From Rome to Santiago, the stages of a dream

The Pilgrim’s Way to Santiago is one of the most famous and important pilgrimage routes in the world; a journey of great spiritual value, made of welcome, brotherhood and ancient traditions.

A unique experience in life that leaves an indelible mark on anyone who decides to venture on the path.

The Santiago Way, history and origins

The Pilgrim’s Way to Santiago is one of the most famous pilgrimage routes in Europe: it has been declared a World Heritage Site by UNESCO and has been recognised as the first European cultural itinerary. A path of religious origin, specifically Catholic, that leads its pilgrims to the Cathedral of Santiago de Compostela, where the Apostle Saint James is buried.

The Pilgrim’s Way of Saint James is not a single route, but it is divided into several itineraries that lead to the goal: the origin of this network of routes dates back to the year 821, when the body of Saint James was found and, for this reason, King Alfonso I the Chaste went in person to Santiago.


From that moment on, travellers from all over the world began to travel to Santiago: if, at the beginning, those who started the journey were moved by strong religious feelings, over the years the motivations have become many and different.

Even today a good part of the pilgrims embark on the journey for purely religious and spiritual reasons but there is another part of people who decide to venture along the route for cultural or tourist purposes.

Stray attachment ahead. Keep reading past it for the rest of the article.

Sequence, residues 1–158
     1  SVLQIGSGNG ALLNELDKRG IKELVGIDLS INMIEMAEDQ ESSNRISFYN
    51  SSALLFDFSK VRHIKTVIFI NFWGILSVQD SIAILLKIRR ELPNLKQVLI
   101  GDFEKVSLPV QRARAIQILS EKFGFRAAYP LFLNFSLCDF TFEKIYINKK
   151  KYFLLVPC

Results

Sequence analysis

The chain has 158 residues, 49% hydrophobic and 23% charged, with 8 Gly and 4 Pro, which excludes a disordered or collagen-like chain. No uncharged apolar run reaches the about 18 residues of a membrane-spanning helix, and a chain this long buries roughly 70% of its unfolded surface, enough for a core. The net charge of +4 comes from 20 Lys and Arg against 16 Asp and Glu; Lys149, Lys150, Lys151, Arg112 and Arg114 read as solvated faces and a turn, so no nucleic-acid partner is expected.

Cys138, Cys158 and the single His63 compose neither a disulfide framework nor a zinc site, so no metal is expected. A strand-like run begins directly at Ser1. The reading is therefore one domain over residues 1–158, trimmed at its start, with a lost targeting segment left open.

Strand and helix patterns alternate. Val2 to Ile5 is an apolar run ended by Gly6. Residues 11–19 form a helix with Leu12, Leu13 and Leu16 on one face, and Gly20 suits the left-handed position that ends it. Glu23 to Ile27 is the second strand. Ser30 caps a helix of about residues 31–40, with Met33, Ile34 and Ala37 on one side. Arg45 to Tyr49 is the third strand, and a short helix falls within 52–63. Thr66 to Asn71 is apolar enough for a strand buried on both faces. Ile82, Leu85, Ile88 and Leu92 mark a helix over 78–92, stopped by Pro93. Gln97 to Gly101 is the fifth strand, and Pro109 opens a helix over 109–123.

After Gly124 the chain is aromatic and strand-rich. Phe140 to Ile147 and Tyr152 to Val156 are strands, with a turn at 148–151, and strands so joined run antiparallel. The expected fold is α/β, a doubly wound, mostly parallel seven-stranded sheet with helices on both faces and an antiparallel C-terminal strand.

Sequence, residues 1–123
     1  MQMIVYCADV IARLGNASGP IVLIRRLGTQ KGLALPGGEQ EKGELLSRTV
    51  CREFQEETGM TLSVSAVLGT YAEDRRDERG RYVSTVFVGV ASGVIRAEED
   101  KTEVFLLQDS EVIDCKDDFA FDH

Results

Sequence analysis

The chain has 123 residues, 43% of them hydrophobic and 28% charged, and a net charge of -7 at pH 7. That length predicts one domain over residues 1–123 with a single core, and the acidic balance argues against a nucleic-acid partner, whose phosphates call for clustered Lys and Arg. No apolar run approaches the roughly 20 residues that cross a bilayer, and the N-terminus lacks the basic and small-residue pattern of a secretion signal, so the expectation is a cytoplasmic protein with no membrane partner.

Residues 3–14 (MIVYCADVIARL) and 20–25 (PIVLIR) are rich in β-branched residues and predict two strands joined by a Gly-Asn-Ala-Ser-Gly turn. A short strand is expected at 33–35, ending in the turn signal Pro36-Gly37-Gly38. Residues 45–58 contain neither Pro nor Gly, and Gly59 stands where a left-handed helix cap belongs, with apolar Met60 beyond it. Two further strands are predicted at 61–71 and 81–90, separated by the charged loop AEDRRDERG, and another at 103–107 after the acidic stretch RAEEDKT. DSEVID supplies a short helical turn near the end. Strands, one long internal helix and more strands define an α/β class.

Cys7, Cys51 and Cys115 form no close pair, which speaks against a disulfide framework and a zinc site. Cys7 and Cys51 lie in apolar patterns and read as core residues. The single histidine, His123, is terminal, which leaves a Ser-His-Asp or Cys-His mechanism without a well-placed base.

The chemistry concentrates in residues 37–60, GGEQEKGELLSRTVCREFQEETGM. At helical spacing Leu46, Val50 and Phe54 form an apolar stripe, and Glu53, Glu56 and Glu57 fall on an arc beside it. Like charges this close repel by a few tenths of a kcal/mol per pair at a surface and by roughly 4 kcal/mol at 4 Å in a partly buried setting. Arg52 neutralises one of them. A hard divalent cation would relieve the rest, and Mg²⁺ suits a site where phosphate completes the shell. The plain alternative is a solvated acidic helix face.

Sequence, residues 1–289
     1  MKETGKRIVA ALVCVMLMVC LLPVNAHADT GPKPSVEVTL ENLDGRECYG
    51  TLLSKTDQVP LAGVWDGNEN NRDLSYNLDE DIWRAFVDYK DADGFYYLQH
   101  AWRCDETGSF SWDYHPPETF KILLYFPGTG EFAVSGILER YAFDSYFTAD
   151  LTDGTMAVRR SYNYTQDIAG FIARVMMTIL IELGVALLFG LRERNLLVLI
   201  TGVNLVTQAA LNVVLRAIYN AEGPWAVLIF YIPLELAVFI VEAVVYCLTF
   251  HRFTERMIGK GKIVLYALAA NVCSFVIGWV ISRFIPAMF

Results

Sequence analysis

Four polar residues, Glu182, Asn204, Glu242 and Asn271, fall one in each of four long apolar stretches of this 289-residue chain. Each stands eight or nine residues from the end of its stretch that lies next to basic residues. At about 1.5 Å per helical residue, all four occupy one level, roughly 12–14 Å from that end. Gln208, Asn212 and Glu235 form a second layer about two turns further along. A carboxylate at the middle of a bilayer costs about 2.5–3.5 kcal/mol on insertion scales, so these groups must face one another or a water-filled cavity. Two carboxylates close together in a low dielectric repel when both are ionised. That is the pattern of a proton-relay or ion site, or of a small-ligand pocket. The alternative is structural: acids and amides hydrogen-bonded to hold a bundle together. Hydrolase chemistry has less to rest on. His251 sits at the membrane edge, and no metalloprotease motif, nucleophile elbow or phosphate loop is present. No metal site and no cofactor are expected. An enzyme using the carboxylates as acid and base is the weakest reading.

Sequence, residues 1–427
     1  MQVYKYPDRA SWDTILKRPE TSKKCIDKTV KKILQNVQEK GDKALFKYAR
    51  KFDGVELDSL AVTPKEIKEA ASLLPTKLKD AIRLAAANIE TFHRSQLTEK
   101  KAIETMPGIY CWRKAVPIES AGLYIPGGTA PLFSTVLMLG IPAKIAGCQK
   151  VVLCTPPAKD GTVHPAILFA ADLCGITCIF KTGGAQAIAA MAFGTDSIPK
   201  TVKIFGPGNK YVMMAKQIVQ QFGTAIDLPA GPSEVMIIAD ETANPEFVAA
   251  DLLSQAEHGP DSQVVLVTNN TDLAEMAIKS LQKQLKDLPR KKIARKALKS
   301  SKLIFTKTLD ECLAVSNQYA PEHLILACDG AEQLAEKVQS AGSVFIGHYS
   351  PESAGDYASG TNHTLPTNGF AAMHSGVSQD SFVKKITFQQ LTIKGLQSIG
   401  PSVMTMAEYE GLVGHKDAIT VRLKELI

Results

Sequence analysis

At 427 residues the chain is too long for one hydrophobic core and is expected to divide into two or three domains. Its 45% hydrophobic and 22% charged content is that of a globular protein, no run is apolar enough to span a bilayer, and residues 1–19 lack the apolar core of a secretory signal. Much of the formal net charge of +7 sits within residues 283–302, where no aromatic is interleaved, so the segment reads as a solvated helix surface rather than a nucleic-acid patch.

Santiago Way: where to start?

The Pilgrim’s Way of Saint James includes several itineraries and to understand where to start, you will first have to choose the one that suits you (especially according to the time you want to dedicate to this experience).

The most popular itineraries are the French, the Portuguese, the northern and the primitive. Then there is a simpler option, suitable for those who do not feel ready for a very demanding and perfect path for those who do not have much time: this is the route that starts from Sarria and takes place in Galicia for a total of 111 kilometers to be covered in five or six days.


The French Way

This is the most famous and most popular route chosen by pilgrims from all over the world who want to embark on the Pilgrim’s Way to Santiago and consists of 33 stages. It is about 765 kilometers long and starts from the Pyrenees, precisely from Saint-Jean-Pied-de-port: from here, the route winds through the territories of La Rioja, Castile and León. To reach the departure point from Rome, it is best to travel by plane to the airports of Lourdes, Bordeaux or Biarritz.

Lourdes is certainly less economical but it is the only one of the three that provides direct routes from Rome (and also from Milan) although it is the furthest from Saint-Jean-Pied-de-port while the other two, while not offering direct routes, are closer to the starting point of the journey. In any case, to reach Saint-Jean-Pied-de-port from one of these airports, there is a shuttle service that will take you to the nearest train station.


The Portuguese way

About 620 kilometres long and composed of 25 stages, the Portuguese route to the Pilgrim’s Way to Santiago starts from Ponte de Lima. Its highlight is certainly the spectacular streets crossed: ancient paths, such as the Via XIX that dates back to the first century AD.

The route is simple, does not include plateaus or significant differences in altitude such as those of the French route and also provides for the presence of a very useful sign to all pilgrims; moreover, especially in recent years, more hostels and places to stay, as more people choose this route.